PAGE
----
From: Jeremy Hance, MONGABAY.COM, More from this Affiliate
Published October 29, 2012 05:03 PM

The Connection between Climate Change and Hurricane Sandy

While scientists are still debating some fundamental questions regarding hurricanes and climate change (such as: will climate change cause more or less hurricanes?), there's no debating that a monster hurricane is now imperiling the U.S. East Coast. A few connections between a warmer world and Hurricane Sandy can certainly be made, however: rising sea levels are likely to worsen storm surges; warmer waters bring more rain to increase flooding; and hotter temperatures may allow the hurricane to push both seasonal and geographic boundaries.


"The sea surface temperatures along the Atlantic coast have been running at over 3C above normal for a region extending 800km off shore all the way from Florida to Canada. Global warming contributes 0.6C to this," writes climatologist Kevin Trenberth in an article today in The Conversation. "With every degree C, the water holding of the atmosphere goes up 7%, and the moisture provides fuel for the tropical storm, increases its intensity, and magnifies the rainfall by double that amount compared with normal conditions."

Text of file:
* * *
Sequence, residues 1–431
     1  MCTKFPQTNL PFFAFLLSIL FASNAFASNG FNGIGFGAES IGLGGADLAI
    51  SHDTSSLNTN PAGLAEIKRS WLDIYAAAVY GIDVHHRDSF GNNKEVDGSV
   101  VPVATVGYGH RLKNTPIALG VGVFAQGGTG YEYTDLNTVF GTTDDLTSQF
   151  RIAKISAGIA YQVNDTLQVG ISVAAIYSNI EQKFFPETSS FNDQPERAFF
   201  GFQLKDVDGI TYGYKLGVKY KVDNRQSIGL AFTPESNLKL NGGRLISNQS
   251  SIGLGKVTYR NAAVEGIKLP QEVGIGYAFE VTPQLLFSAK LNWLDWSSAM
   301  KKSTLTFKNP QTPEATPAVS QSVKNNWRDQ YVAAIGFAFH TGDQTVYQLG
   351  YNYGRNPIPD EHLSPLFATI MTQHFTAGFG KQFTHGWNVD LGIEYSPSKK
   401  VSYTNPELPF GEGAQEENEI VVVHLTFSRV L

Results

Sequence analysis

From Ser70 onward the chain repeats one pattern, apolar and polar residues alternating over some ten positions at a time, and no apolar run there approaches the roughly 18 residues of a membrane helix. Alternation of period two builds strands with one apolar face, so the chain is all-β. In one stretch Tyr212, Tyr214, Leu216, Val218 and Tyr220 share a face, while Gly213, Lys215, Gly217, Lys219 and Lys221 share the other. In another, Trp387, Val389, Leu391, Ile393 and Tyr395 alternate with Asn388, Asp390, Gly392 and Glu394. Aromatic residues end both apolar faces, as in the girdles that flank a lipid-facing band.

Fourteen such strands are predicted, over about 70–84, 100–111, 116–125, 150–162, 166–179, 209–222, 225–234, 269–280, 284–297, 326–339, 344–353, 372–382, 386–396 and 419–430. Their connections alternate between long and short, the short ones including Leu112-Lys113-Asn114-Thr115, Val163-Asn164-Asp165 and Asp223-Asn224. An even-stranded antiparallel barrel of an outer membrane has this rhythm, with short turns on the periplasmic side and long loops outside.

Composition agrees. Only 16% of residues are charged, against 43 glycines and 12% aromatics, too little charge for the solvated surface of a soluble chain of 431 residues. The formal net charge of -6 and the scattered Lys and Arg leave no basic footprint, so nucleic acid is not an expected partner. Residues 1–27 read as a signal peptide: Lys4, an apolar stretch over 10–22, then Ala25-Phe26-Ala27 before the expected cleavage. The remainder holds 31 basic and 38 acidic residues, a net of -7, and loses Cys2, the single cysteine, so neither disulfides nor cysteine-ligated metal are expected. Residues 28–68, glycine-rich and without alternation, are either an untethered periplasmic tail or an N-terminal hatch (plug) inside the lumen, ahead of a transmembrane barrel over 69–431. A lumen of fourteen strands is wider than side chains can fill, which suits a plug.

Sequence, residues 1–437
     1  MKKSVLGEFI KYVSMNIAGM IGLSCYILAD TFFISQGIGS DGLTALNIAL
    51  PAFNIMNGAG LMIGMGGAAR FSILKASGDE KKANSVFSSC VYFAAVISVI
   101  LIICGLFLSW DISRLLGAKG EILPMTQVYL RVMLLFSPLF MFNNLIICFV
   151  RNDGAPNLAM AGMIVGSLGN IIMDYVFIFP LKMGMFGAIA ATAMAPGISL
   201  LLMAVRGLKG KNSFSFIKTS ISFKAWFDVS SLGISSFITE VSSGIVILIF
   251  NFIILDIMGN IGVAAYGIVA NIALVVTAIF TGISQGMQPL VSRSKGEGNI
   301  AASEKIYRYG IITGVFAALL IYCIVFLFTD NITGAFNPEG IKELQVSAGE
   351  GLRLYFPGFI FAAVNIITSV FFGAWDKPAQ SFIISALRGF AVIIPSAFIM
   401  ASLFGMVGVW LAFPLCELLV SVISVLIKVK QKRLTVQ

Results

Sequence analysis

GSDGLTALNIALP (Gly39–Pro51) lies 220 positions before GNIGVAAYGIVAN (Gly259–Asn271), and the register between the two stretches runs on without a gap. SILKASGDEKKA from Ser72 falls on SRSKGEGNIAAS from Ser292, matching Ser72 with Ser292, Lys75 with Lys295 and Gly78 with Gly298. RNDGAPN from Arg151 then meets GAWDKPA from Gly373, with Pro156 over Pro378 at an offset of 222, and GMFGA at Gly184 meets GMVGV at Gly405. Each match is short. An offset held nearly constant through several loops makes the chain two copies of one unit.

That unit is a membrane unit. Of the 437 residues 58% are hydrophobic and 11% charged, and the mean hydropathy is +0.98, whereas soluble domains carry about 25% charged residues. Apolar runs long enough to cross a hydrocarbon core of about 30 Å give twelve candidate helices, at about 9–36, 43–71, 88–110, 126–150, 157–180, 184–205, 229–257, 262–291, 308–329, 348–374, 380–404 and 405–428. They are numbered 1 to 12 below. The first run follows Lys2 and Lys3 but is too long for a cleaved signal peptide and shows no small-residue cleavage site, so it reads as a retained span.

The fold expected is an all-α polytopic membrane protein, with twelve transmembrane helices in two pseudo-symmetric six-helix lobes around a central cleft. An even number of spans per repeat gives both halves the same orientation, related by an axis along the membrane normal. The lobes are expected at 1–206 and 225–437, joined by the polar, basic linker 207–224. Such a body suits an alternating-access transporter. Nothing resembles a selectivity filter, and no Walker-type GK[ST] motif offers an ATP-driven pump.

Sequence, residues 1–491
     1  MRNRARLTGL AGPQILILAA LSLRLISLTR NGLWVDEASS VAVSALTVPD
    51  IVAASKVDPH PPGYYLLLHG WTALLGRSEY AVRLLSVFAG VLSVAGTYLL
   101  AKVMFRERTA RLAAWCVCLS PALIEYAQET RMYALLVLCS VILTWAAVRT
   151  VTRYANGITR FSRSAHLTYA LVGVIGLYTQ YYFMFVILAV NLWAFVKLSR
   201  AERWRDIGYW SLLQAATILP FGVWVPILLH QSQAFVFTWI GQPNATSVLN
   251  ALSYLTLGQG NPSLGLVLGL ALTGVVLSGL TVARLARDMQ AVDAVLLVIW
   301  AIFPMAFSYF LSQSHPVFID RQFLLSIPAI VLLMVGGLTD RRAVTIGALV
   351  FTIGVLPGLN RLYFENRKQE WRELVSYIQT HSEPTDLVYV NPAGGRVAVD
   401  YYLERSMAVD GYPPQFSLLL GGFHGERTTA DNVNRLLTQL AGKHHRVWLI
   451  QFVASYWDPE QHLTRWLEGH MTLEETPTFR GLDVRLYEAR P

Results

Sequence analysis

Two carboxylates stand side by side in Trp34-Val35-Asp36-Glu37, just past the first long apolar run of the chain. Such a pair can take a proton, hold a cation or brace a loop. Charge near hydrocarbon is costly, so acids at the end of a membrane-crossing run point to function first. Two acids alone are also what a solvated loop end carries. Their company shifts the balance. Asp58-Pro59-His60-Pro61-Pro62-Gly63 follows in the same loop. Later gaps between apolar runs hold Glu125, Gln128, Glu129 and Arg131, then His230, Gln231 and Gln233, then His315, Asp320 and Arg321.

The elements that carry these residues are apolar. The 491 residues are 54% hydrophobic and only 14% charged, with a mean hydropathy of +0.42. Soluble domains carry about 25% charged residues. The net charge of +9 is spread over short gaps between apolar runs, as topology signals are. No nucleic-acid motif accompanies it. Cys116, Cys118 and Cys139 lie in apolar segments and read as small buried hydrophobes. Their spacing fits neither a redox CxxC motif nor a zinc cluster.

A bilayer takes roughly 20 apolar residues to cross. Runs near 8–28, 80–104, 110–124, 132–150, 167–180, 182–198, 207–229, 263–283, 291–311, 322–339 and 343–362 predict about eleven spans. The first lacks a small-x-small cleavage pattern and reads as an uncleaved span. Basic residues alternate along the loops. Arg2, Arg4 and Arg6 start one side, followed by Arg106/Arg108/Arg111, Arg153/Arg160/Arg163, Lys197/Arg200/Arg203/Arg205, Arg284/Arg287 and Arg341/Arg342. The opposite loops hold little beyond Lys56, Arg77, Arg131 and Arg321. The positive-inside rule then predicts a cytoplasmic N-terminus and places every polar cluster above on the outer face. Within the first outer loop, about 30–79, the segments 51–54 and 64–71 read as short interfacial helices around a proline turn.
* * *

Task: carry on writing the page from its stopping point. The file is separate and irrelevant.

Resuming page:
In other words, one of the main contributing factors to why Sandy has become so potentially destructive is because Atlantic Coast waters have a fever this fall: 3 degrees Celsius (5.4 degrees Fahrenheit) above average. As Trenberth points out, a portion (20 percent) of this temperature rise is directly attributable to climate change. These warmer waters off the coast of the Atlantic have also increased water vapor, creating a potential for greater amounts of rainfall.

In addition, climate change has globally caused sea levels to rise by about 0.6 to 1 millimeter every year due both to melting ice and warmer water expansion. But the sea level rise has been even more pronounced of the U.S. east coast. A study from this summer found that sea levels in the region have been rising on average 2 to 3.8 millimeters a year during the last sixty years. Scientists are as yet unsure why sea levels are rising faster there than elsewhere, but higher sea levels means more severe storm surges and a much greater possibility of catastrophic flooding.

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